08 Nov 2006
Let's start Civics with a rather protracted discussion of Democracy. A wise man was once asked, "What is democracy?" "'s got somethin' to do with young men killing each other," he replied.
The literature on democracy is rife with definitions. Words come to one's mind associated with democracy such as "human rights," "freedom to," or "freedom from." Researchers have delved into the notion of a government's role in society, and whether or not the government exists to provide for the citizens or vice-versa. Hmmm...well let's move on.
Democracy is usually defined as government by the people, where the people hold the supreme power in government. A generally accepted formal definition of democracy is Robert A. Dahl's polyarchy that treats a country as democratic if the regime holds elections that the opposition has some chance to win. Democracy in today's world happens almost by default. The large amount of international pressure to democratize provides a sort of baseline, a minimum acceptable limit of democracy. A smart guy named Schmitter goes as far to say, "most polities are condemned to be democratic."
However, a simplistic or minimalist definition does not help us determine the order of magnitude by which a country holds to democratic principles. The literature has developed the notion of "consolidated democracies" to differentiate between countries that do or do not embrace distinct democratic values over the long term. Linz and Stepan, another couple of really smart guys, define a consolidated democracy as "a political regime in which democracy as a complex system of institutions, rules, and patterned incentives and disincentives has become, in a phrase, 'the only game in town.'"
So democracy nowadays is usually studied in relation to the institutions in a society (social, civic and otherwise) that enable everyone to get along okay. One element of these institutions is voting.
So I hope you voted!!!
I don't really hold to the premise that someone who hasn't researched their vote is at the polls "negating" my informed vote. Voting and its role in democracy should be and is much more than "something earned." (*Paradox Alert* Voting has been earned in this country and I am grateful for it.) But I'm talking about the idea of voting as a privilege. (*Paradox Alert* It is a privilege, but not in the sense of only privileged whites should be allowed to do it. Or people who pay a poll tax. Or the informed.)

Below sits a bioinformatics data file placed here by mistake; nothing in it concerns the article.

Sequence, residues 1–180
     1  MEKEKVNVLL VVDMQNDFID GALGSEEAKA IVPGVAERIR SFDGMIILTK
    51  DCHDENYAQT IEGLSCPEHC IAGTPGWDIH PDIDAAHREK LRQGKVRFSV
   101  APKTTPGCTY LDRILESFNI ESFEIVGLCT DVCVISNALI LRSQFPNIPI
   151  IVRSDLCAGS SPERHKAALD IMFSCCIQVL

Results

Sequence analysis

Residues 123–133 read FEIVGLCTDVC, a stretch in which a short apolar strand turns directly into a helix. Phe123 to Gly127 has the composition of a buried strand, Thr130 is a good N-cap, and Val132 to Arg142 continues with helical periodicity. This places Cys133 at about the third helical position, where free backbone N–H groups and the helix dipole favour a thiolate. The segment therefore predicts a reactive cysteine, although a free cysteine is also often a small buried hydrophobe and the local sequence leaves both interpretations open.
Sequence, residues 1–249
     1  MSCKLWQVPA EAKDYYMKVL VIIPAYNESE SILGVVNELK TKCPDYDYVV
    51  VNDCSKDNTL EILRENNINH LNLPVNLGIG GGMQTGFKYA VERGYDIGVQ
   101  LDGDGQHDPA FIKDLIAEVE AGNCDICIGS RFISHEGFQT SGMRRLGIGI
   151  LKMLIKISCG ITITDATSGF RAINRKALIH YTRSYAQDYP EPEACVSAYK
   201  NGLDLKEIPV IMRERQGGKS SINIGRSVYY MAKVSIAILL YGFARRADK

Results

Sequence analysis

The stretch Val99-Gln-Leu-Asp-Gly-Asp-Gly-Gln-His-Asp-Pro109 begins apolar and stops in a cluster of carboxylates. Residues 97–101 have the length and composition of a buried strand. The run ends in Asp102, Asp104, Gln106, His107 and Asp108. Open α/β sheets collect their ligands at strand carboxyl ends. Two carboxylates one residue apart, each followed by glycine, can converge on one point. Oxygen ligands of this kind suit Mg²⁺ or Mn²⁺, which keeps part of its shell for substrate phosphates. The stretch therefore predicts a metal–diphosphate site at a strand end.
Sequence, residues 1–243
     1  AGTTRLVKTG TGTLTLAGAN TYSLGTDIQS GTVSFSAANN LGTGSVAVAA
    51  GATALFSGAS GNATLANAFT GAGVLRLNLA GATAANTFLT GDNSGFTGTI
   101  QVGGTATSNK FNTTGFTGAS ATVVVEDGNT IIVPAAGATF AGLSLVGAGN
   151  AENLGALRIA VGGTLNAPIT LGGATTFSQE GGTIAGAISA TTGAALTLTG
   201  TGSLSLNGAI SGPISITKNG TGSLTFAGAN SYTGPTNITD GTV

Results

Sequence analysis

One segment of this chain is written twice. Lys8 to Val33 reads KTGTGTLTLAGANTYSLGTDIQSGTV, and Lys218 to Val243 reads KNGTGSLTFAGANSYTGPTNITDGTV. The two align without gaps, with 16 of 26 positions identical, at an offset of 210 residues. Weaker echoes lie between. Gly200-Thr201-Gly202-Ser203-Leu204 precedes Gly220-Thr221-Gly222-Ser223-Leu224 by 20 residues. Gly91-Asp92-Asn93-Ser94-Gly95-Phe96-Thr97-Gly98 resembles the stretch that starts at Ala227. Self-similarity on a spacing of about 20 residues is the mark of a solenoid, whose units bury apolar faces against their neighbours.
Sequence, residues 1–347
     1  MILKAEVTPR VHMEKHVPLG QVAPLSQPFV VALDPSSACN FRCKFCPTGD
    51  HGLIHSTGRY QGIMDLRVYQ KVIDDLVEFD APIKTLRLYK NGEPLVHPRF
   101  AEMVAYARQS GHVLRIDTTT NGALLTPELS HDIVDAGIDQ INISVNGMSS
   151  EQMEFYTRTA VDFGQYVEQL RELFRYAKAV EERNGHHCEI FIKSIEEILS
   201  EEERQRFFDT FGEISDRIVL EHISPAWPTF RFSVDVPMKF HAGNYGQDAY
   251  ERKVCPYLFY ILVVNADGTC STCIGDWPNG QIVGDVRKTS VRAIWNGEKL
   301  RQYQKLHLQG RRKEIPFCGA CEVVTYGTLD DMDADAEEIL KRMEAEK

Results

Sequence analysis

So what's the conclusion? I have none to offer. I'm glad we don't have inflated voter percentages in this country. In some countries the citizens are forced to vote, artificially inflating the number of "responsible" citizens. (*Paradox Alert* Of course I'm sad that we don't have higher percentages of people voting, because I think this is an indicator of irresponsibility.)
Well, anyway, I hope you voted!!!
To close, some reflections on democracy by people more famous than I am:
"If liberty and equality, as is thought by some, are chiefly to be found in democracy, they will be best attained when all persons alike share in the government to the utmost."
- Aristotle, Greek philosopher and scientist
"Democracy does not guarantee equality of conditions - it only guarantees equality of opportunity."
- Irving Kristol, American editor and educator
"Two cheers for democracy: one because it admits variety and two because it permits criticism."
- E. M. Forster, English novelist and essayist
"In a democracy, the individual enjoys not only the ultimate power but carries the ultimate responsibility."
- Norman Cousins, editor, humanitarian and author
"While democracy must have its organization and controls, its vital breath is individual liberty."
- Charles Evans Hughes, American jurist and statesman
"As I would not be a slave, so I would not be a master. This expresses my idea of democracy."
- Abraham Lincoln, 16th president of the United States (1861-1865)